Zep Vs Boston (Image Quality IQ-078/079)
Boston Garden, Boston, MA – July 20th, 1973
Disc 1 (46:22): Rock And Roll, Celebration Day, Black Dog, Over the Hills And Far Away, No Quarter, The Song Remains The Same, The Rain Song
Disc 2 (62:56): Dazed and Confused (incl. San Francisco), Stairway to Heaven, Heartbreaker, Whole Lotta Love (incl. Let That Boy Boogie)
Image Quality were one of the Japanese silver labels in the nineties who wanted to release the entire unofficial Led Zeppelin tape catalogue. One of their final efforts was Zep Vs Boston utilizes what was at the time the only tape source for the July 20th, 1973 Boston show. It is poor to fair, distant, muddy and the bass tends to distort the sound. The tape omits the first ninety seconds of “Rock And Roll,” the first two verses. The tape picks up at the second verse’s “lonely time” before the guitar solo. There are also cuts in “No Quarter” at 7:38 and a small cut after “Stairway To Heaven.”
Boston occurs in the final week of the tour and is one of the strangest Led Zeppelin shows captured on tape. On a tour noted for the wildness of the audiences and throwing of firecrackers, this show ranks as the absolute worst.
The trouble begins after “Over The Hills And Far Away” when Plant says: “Easy. You don’t want to break those things down. So please stop pushing forward. If you don’t stop pushing forward we’re gonna have to stop until everybody can move back a bit. Is that understood please? I’m sure people sometimes get a little bit deaf.”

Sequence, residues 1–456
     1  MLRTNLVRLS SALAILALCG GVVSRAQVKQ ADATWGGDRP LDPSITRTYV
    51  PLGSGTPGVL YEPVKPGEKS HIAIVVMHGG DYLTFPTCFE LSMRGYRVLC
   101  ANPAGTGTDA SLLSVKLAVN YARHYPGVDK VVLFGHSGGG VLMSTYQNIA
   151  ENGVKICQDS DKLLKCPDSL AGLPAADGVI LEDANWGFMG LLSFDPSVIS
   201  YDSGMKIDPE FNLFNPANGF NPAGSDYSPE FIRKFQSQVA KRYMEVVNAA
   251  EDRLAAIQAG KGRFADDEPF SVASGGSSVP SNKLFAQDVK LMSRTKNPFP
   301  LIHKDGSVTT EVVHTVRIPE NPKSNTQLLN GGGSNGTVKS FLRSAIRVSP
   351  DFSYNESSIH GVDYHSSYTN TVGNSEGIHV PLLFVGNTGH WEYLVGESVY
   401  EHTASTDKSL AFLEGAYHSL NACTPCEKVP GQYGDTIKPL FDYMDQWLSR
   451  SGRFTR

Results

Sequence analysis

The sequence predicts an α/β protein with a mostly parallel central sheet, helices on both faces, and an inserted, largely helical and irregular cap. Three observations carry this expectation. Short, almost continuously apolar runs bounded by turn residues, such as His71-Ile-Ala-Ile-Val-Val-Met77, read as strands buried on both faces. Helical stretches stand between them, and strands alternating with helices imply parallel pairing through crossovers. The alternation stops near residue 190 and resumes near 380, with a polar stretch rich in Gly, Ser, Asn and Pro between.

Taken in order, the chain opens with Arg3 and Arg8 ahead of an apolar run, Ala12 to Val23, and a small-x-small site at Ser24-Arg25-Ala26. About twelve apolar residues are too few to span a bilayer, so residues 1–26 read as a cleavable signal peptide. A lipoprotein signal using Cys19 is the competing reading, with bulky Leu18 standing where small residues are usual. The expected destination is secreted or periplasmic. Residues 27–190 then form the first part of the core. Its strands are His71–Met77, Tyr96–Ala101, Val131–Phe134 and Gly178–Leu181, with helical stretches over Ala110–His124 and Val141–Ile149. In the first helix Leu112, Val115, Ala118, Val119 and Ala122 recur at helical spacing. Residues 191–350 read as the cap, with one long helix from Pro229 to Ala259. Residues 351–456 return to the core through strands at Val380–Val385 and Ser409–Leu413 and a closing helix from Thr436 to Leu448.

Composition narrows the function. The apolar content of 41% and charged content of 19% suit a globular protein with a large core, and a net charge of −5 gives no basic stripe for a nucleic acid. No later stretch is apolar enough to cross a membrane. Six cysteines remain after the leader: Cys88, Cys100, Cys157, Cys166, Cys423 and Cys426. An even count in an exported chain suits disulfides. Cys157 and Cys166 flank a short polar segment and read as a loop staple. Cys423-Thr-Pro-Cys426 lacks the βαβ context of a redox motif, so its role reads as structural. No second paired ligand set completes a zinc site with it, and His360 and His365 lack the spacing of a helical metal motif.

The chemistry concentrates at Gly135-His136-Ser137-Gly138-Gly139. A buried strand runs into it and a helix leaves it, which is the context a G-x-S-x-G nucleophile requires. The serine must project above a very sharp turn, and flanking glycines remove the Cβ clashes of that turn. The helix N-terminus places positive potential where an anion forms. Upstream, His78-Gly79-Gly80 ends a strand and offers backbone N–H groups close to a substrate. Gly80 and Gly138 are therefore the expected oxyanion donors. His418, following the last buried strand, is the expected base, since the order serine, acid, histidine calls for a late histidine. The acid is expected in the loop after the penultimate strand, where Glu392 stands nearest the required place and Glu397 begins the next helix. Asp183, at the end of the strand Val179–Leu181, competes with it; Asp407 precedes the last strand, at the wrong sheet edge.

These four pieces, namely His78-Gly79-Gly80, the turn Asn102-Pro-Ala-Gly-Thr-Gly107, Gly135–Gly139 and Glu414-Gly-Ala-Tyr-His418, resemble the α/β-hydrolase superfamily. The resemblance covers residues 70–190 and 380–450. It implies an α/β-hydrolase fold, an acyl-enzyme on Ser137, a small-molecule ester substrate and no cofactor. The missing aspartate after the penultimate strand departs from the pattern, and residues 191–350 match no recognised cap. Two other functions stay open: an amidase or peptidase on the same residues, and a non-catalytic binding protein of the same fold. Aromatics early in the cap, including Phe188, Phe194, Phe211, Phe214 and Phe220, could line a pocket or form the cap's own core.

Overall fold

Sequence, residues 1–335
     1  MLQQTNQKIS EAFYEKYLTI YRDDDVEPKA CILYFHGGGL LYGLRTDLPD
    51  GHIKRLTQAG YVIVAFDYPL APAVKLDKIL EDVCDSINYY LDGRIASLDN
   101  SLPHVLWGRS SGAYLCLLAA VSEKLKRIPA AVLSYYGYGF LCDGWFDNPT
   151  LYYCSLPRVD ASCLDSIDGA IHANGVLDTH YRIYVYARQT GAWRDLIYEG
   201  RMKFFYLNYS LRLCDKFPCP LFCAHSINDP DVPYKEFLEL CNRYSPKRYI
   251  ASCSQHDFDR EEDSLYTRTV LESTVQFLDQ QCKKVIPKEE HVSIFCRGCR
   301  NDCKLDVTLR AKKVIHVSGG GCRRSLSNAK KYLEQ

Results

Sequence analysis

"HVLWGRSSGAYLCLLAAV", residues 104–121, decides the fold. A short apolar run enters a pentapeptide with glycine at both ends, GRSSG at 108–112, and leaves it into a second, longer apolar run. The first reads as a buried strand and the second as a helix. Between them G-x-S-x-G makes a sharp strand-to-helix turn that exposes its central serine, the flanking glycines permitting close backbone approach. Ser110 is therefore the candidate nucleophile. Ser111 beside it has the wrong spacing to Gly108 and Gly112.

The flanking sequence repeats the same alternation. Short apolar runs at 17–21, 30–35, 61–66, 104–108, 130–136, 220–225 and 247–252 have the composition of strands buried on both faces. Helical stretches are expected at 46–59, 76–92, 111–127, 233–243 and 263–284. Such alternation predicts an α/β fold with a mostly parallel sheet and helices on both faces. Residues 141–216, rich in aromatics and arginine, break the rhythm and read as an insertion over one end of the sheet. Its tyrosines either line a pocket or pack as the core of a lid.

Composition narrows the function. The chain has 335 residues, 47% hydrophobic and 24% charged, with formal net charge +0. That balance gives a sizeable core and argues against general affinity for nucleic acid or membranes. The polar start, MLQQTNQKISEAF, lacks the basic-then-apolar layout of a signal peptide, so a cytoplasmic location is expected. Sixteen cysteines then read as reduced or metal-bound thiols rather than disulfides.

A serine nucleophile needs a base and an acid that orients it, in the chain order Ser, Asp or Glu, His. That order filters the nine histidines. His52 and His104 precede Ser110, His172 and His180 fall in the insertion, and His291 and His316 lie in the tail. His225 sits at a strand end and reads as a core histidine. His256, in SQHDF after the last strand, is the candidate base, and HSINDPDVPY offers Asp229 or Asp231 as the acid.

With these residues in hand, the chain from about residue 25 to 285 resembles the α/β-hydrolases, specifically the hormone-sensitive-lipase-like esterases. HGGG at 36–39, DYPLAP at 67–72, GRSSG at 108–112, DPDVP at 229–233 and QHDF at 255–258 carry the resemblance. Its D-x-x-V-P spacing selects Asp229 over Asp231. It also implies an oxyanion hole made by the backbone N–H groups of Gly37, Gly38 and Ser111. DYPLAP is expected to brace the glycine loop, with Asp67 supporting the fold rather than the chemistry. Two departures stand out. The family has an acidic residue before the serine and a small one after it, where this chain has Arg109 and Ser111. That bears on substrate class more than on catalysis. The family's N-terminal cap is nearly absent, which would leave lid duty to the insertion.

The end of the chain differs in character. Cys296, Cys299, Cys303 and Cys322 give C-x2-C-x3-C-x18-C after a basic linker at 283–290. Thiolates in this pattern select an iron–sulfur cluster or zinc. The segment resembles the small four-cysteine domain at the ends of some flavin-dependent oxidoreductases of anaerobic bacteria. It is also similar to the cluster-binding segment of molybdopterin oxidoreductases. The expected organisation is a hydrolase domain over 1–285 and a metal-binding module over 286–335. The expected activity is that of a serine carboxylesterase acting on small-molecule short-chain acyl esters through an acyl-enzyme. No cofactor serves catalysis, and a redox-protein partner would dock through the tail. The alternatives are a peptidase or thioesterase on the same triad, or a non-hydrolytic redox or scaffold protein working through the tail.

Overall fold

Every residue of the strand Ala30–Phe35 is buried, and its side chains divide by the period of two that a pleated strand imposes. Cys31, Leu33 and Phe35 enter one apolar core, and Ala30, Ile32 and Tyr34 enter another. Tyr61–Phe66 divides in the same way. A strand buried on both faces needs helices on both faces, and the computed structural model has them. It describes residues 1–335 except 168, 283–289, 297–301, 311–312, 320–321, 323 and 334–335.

After a pause he continues with crowd control, “Now we’ll try to keep you as cool as you can. Can you push back because everytime we come to Boston we have such a good time with so many good people, right? Eighteen and a half thousand people, but one thing, listen. There are people at the front who are gonna get hurt. So please some how distribute yourselves about otherwise the concert’s no good if you can’t do that, you know?”
They drop “Misty Mountain Hop” and “Since I’ve Been Loving You” and “try and play something a little soft while you try to scurry around. This is for the benefit of those people who like to hear a little subtlety in amongst the melee. No Quarter.” They deliver a laid back version of the piece where Jimmy Page plays a David Gilmour sounding guitar solo during the middle improvisation.
Plant continues the crowd control afterwards saying: “Really, I’ll tell you we’ve done so, we’ve done a lot of concerts. We’ve played to thousands of people. A lot of people are cool in as much as they understand that they’re people who really want to enjoy the concert behind them. Why don’t you just cool it a bit, eh? Everytime we come here, cool it. I know how it feels, but you still got to cool it.” The audience don’t appreciate the soft “The Rain Song” and grow a bit impatient until the hard rock section of the piece kicks in.
“Dazed And Confused” is very intense and rile up the audience. So much so that afterwards Plant says sarcastically: “I don’t know what local football team is called, but it’s just been playing for an hour and a half in front of our feet”. They drop “Moby Dick” and play out the rest of the set and leave. “Thank you and good night, Led Zeppelin are gone,” the mc announces with the audience milling around like they don’t believe it.
The decision is a correct once since many very loud M80s are set off. Their affect is truly unsettling, having the Garden sound like a war-zone. It is a shame because the band were on a definite peak in this period and were playing outstandingly. And, as events would dictate, this would be Led Zeppelin’s final performance in a city that embraced them so warmly at the beginning of their career. Image Quality utilize a double fatboy jewel case with the photograph motif on the front cover and various Laurence Ratner tour photos on the artwork. It is a good production, but the Joe Maloney tape that surfaced many years after this is far better sounding, and this release is good for completists only.